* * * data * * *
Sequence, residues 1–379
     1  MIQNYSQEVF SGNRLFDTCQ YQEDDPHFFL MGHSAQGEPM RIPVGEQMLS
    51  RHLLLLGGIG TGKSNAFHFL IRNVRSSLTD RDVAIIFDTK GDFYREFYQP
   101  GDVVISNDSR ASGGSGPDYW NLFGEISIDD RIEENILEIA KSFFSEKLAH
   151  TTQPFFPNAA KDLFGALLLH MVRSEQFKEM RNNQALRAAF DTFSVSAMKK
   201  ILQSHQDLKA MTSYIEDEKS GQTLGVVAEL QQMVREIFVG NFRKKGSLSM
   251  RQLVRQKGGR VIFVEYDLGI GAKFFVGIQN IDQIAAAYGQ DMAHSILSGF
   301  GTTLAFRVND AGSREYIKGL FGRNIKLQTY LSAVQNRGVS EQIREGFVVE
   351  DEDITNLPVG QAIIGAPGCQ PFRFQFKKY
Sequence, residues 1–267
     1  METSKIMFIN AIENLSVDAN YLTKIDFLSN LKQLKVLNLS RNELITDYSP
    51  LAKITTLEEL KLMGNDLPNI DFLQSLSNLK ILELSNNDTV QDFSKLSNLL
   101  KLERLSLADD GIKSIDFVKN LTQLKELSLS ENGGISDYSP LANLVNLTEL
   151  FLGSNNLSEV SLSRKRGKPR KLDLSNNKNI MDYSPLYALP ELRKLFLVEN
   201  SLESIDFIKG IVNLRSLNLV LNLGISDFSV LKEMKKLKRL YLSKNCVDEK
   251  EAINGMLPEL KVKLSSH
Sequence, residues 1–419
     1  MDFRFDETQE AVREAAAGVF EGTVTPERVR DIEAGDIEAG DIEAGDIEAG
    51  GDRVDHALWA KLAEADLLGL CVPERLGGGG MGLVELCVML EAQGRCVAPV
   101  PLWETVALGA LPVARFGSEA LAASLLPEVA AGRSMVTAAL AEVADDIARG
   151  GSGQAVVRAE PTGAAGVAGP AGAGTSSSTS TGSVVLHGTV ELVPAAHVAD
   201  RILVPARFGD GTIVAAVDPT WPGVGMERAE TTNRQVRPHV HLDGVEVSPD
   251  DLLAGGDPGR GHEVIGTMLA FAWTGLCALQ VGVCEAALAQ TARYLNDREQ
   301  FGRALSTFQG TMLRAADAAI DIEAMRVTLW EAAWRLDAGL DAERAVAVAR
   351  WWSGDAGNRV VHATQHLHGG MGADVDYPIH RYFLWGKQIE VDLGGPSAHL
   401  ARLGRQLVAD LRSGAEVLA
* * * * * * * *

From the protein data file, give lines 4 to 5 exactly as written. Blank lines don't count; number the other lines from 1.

   101  GDVVISNDSR ASGGSGPDYW NLFGEISIDD RIEENILEIA KSFFSEKLAH
   151  TTQPFFPNAA KDLFGALLLH MVRSEQFKEM RNNQALRAAF DTFSVSAMKK